9 productivity (value of loans and deposits per 100 workers) showing opposite effects on profitability. Overall, the existing literature provides a rather comprehensive account of the effect of internal and industry-specific determinants on bank profitability, but the effect of the macroeconomic environment is not adequately dealt with. The time dimension of the panels used in empirical studies is usually too small to capture the effect of control variables related to the macroeconomic environment (in particular the business cycle variable). Finally, sometimes there is an overlap between variables in the sense that some of them essentially proxy the same profitability determinant. It follows that studies concerning the profitability analysis of the banking sector should address the above issues more satisfactorily, in order to allow a better insight into the factors affecting profitability. 3. Model specification and data 3.1 Background The Greek banking sector provides an interesting context for studying bank profitability. The sector underwent significant changes during the last two decades. Since the mid 1980s it was extensively liberalized through the abolition of administrative interventions and regulations, which seriously hampered its development. The reforms were adopted gradually and supported the further improvement of the institutional framework and the more efficient functioning of banks and financial markets in general. This has created a new, more competitive economic environment, within which the banking sector nowadays operates. The objective of Greece s participation in EMU initiated efforts towards the further deregulation of the banking system and macroeconomic convergence. During the past few years, Greek banks tried to strengthen their position in the domestic market and acquire a size, partly through M&As, that would allow them to exploit economies of scale and have easier access to international financial markets. These changes, along with the adoption of new technology and the improvement of infrastructure, have been catalytic to the performance of bank profitability. In this 11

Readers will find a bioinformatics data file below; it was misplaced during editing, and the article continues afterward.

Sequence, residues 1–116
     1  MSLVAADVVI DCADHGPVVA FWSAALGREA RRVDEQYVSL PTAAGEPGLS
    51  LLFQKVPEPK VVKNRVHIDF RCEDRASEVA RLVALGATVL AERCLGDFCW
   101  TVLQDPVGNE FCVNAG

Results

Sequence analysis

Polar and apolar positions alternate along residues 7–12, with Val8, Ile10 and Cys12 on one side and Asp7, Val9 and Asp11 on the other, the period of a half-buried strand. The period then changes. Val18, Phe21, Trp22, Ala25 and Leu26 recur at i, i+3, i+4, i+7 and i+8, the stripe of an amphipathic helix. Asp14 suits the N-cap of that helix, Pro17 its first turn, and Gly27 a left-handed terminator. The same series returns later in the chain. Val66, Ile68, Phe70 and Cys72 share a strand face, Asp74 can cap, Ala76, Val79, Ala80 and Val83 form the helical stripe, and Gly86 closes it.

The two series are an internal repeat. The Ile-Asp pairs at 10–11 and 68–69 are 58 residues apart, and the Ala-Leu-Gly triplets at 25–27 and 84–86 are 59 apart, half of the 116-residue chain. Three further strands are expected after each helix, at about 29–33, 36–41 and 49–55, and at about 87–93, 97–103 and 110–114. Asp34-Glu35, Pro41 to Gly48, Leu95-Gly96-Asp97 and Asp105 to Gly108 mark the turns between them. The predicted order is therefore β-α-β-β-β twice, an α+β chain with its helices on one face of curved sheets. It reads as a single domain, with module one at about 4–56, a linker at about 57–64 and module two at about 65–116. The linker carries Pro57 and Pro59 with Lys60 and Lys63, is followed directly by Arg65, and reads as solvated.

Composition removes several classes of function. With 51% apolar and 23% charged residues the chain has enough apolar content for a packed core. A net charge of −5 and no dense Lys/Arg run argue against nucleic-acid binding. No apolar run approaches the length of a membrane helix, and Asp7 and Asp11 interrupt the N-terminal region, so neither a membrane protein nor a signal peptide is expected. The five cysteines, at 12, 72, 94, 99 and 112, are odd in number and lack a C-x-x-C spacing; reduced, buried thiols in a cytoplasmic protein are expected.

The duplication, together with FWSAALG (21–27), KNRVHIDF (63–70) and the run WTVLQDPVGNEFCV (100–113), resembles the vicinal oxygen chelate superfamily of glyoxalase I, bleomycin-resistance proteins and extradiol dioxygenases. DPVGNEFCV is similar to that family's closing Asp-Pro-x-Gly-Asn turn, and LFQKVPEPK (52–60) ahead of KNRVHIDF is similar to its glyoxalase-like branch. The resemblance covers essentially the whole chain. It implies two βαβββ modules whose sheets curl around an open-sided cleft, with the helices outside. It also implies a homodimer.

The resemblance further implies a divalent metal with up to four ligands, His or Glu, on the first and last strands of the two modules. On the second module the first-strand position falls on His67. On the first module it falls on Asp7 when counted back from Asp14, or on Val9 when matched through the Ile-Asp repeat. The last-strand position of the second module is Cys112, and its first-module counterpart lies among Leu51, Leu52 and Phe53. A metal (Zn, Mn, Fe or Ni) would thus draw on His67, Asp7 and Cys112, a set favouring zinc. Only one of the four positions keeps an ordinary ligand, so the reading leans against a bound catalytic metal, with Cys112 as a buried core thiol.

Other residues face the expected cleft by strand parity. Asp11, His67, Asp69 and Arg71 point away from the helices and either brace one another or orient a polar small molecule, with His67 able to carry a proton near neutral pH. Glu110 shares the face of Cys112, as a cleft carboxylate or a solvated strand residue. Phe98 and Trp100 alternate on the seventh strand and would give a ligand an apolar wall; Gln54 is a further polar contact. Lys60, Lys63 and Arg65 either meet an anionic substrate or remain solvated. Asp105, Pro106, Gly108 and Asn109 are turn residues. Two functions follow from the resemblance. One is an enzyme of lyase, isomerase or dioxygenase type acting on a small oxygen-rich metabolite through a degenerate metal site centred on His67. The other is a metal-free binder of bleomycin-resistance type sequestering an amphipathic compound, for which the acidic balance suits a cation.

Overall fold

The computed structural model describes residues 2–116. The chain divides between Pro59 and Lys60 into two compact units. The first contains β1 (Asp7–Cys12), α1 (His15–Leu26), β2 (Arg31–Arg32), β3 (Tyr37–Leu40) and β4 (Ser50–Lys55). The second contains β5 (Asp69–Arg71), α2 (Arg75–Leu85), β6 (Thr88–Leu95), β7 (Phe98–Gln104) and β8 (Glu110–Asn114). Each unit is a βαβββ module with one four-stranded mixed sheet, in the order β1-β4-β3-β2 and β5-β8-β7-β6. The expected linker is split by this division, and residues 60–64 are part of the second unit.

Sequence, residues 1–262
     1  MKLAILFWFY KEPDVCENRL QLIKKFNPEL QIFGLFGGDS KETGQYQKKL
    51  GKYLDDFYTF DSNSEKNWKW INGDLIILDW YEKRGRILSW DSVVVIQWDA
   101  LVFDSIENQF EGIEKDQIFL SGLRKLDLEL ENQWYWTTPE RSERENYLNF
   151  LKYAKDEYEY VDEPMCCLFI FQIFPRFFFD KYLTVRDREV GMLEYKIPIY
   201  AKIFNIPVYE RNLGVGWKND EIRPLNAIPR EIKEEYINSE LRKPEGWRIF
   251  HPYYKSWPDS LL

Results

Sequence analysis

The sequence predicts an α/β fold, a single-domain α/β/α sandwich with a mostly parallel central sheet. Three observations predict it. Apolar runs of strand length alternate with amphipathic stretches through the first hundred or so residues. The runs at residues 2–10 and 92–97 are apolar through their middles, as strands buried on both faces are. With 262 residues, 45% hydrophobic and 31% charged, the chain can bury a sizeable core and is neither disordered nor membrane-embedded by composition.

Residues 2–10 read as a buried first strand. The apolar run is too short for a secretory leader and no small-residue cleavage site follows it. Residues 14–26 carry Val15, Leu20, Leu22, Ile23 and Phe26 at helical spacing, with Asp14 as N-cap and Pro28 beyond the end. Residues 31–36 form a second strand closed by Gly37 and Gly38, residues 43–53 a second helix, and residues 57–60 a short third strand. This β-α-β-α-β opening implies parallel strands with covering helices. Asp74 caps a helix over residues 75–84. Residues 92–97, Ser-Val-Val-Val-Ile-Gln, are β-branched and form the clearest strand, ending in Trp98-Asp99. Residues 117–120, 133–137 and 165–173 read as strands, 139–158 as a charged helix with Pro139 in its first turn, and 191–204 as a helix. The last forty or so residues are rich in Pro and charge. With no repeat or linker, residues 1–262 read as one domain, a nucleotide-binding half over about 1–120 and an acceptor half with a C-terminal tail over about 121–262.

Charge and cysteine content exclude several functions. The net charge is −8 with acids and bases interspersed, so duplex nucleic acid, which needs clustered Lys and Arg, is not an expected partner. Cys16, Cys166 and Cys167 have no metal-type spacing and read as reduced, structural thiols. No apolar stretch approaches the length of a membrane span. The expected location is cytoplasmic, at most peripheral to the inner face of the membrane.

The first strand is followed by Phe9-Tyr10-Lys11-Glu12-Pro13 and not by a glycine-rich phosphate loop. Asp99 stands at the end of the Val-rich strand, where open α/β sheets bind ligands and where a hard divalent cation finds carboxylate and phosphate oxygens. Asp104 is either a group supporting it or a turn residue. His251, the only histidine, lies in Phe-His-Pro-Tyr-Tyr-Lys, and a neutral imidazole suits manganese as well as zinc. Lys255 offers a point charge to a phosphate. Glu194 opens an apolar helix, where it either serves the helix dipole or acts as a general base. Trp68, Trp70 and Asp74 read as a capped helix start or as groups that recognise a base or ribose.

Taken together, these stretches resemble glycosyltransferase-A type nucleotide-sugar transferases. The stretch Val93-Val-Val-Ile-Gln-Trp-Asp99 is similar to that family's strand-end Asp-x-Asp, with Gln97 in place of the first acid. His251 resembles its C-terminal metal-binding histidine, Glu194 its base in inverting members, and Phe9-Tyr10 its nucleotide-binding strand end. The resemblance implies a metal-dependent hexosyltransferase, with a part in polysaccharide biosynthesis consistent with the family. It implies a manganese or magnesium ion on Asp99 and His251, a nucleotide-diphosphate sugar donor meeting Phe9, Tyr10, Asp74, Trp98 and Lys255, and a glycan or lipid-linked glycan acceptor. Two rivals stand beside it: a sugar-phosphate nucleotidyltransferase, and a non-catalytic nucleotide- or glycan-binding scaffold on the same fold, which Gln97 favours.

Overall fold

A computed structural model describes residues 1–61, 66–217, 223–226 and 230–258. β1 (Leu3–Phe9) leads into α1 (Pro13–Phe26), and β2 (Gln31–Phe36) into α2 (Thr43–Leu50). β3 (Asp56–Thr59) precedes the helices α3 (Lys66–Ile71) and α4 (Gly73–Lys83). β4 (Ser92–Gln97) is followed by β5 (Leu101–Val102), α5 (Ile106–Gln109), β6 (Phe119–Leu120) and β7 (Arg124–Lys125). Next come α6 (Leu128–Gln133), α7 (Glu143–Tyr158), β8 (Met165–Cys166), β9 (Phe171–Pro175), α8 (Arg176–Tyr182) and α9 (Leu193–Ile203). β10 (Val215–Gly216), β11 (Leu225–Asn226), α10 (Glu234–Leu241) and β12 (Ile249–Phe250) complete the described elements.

10 σ T T T The T Few B () Bis the paper, we investigate the profitability of Greek commercial banks over the period 1985 to 001. The data sources are presented in the Appendix. 3. The model 6 The general model to be estimated is of the following linear form:t T K k it c βk Xit ε it k = 1 Π = + + ε = ν + u it i it, (1) where ΠBitB is the profitability of bank i at time t, with i = 1,,N; t = 1,, T, cb constant term, ΧBitBs are k explanatory variables and εbit Bis the disturbance with vbib unobserved bank-specific effect and ubitb the idiosyncratic error. This is a one-way error component regression model, where vbib BuB). IIN (0, σ BvB) and a independent of ubitb IIN (0, The explanatory variables ΧBitB are grouped, according to the discussion above, into bank-specific, industry-specific and macroeconomic variables. The general specification of model (1) with the XBitBs separated into these three groups is: J L M j l m it c β j X it βl X it βm X it ε B it j= 1 l= 1 m= 1 Π = , where the XBitBs with superscripts j, l and m denote bank-specific, industry-specific and macroeconomic determinants respectively. Furthermore, bank profits show a tendency to persist over time, reflecting impediments to market competition, informational opacity and/or sensitivity to regional/macroeconomic shocks to the extent that these are serially correlated (Berger et al., 000). Therefore, we adopt a dynamic specification of the model by including a 7 lagged dependent variable among the regressors.t T Eq. () augmented with lagged profitability is: 6 linearity assumption is not binding. Bourke (1989), among others, suggests that any functional form of bank profitability is qualitatively equivalent to the linear. 7 studies consider profit persistence in banking (see Levonian, 1993, Roland, 1997, and more recently, Eichengreen and Gibson, 001, Goddard et al., 004 and Gibson, 005). In the industrial organization literature an important contribution is Geroski and Zacquemin (1988). 1